Tuesday, January 30, 2018

Service Learning 2017-18

Lots of great projects in APES for this year!  We may even work with Marketing students to advertise some of our events!

1. Oak Savanna Outreach - working on trail maintenance and getting a new bench for the outdoor classroom. They are also helping remove lots of invasive buckthorn.  They helped plan and host the Oaktober Blitz and are now working with the Park Ridge foresters and North Branch Tree Climbing to plan a tree climbing event for Arbor Day, April 27! There will also likely be an oak savanna work day open to all students, parents, and staff on Earth Day, April 22nd.  Follow them on instagram @MaineEast_oak_savanna.
2. Green Infrastructure in Our Community with GIS Mapping - students hope to bring awareness to storm water management issues in our community by creating an ESRI Story Map highlighting green infrastructure features.  Examples include permeable pavement, rain gardens, rain barrels, gutter diversion into gardens, bioswales, and urban tree stands. We will be working with the MWRD and looking for other community collaborators. Anyone with GIS mapping skills want to help us out?

3. Climate Change Awareness - two groups are working on this. There is a tentative plan to put together a panel discussion with students from Lake Forest HS with climate scientists and others. They are in communication with Dr. Mark Potosnak of DePaul University to serve on the panel. Date TBD.

4. Native Butterfly Garden Art Project - several artists are researching the wildlife supported by our native prairie plants near the science wing.  They will be painting stepping stones for the path that winds through it!

5. School Green Report Card - this hasn't been updated in many years! Students are updating this document and assigning our school a grade for sustainability efforts in a variety of categories (waste reduction, energy conservation, land use & landscaping, water quality & conservation, air quality, & student/community awareness).

6. Future Teachers Project - several students who plan on going into education will be creating short video lessons for our freshman biology teachers to use with their students. They will take them on a tour around campus to learn about ecosystem services in our oak savanna and butterfly garden, bat boxes and tracking, symbiotic relationships between species we're supporting, and calculation of carbon sequestration.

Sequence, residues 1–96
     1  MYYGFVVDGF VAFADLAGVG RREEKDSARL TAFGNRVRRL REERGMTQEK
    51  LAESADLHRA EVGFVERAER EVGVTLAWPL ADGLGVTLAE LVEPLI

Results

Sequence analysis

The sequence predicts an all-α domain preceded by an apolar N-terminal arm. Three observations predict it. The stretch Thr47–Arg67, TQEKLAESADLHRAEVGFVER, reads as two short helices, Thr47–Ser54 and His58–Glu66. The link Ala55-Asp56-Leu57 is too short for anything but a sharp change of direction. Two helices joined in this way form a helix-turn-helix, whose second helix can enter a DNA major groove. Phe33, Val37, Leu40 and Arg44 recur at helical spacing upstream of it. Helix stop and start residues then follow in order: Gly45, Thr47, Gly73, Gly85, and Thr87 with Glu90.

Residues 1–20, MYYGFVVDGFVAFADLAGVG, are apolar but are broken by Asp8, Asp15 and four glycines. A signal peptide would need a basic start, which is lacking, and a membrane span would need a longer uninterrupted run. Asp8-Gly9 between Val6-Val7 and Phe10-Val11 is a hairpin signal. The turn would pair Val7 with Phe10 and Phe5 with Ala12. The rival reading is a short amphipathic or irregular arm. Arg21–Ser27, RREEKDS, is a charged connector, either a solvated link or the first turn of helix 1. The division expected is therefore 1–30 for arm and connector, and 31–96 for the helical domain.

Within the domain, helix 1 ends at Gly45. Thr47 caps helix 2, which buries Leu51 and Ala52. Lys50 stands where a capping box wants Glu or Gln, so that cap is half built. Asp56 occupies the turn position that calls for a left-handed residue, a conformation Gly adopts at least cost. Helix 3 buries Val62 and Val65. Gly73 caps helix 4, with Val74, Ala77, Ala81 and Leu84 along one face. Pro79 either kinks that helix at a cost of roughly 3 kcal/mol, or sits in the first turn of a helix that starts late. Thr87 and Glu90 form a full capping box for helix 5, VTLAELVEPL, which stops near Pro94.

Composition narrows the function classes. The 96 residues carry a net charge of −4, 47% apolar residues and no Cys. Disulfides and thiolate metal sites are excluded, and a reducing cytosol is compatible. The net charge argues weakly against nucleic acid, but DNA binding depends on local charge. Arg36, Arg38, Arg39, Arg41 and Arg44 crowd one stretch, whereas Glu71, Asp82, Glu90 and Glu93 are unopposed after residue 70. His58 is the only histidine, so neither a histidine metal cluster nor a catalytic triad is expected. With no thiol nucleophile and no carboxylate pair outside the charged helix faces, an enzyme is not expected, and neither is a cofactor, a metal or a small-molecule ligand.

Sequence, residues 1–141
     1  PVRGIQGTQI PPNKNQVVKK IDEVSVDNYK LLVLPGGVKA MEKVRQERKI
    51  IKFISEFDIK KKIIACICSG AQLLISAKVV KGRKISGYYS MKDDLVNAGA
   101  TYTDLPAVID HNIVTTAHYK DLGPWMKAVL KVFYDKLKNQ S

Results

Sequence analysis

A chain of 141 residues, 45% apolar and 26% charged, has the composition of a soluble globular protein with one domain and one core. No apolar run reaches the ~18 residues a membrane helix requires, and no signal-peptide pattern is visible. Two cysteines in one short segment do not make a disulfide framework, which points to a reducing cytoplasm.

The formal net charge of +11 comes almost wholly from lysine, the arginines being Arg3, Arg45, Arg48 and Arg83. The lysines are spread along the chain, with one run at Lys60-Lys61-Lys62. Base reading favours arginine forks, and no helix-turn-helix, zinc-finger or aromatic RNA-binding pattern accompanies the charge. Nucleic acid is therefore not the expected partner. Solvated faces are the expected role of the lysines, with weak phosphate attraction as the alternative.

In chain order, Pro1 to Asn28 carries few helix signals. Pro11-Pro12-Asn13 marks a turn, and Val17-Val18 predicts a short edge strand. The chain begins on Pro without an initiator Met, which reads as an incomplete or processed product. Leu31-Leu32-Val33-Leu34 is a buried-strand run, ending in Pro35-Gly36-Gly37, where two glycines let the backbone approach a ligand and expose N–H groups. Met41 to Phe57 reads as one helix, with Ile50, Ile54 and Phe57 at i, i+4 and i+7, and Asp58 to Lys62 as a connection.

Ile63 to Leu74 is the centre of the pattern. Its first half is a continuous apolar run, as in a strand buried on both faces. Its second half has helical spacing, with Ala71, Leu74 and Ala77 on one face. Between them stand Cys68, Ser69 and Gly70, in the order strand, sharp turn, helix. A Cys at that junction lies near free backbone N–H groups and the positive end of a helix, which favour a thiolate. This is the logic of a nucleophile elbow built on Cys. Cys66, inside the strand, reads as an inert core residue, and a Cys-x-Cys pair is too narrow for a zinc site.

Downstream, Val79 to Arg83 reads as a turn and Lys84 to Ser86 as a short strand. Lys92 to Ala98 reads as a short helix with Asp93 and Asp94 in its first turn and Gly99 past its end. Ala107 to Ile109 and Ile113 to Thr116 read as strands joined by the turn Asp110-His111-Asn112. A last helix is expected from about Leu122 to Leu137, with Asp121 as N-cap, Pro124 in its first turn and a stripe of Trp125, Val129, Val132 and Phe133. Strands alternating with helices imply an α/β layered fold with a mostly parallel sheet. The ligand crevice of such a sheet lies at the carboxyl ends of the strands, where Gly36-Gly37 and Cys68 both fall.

7. Hunger Banquet - How do environmental and humanitarian issues overlap? Students are investigating this question in different places around the globe then editing Oxfam's script to host a Hunger Banquet fundraiser at 6pm on March 20th in the faculty lounge!  Proceeds will go toward our school-wide fundraiser to support hurricanes victims in Puerto Rico.  See post from 2016 students who did this project.

8. Vegetable Garden - Students harvested our vegetables and herbs that were tended over the summer by the special education department.  They helped host a salsa-making contest in October with our CONNECT mentoring program and the Latino Club.  It was so much fun!  The service learning group is starting new seeds indoors in the next few weeks and will be filling a new herb tower that will be managed in collaboration with Foods students.
9. Bat Boxes on Campus - students will be relocating two bat boxes that were made by Evan Bierwaltes as his Eagle Scout Project in 2013.  They will also be using a tracking device in the spring to collect data on the species that flying in our area.  On Feb. 24th they will presenting with Incredible Bats at the Friends of the Chicago River Student Congress to educate middle and high school students about the ecological and economic importance of bat conservation. There will be live bats!  Join in!

10. Native Butterfly Garden Seed Collection, Sowing, and Plant Sale - see this post. Mother's Day Plant Sale fundraiser will be on Sat. May 12 from 10-2pm.

Monday, January 29, 2018

Native Butterfly Garden Seeds - Collecting, Sowing, & Selling

Students have collected over 25 species of native prairie flower and grass seeds from our native prairie garden this fall! We also accepted a generous donation of over 50 more species from Linda Walker of Wild Ones.For the first time ever we plan on trying some "winter sowing".  Here's the method we plan on using, although we might also experiment with plastic strawberry containers to see what works best.

These seeds must experience winter in order to geminate so they will be kept in these containers outside starting next week! Feel free to join the Ecology Club on Thursdays in room 302 to help get these planted. Last year we made over $600 with our native plant fundraiser. Let's hope we can make it happen again, this time with our home-grown batch!

Monday, October 16, 2017

It's Oaktober!

To Celebrate Oak Awareness Month we will be hosting 30 alumni from the Class of 1977 for a Maine East oak savanna work day.  They will be cutting out invasive species, maintaining our trail, and building us another bench for our outdoor classroom. Shortly after they leave we will be co-sponsoring an event along with Go Green Park Ridge that we're calling an Oaktober Blitz!

Oak trees are being threatened by invasive species, diseases, and are not commonly replaced. Yet oaks are a keystone species! A variety of wildlife depends on oaks to survive including 557 types of caterpillars which help feed birds and other animals. A 25 inch diameter oak tree can also intercept 3,492 gallons of storm water per year, reducing storm runoff and flooding.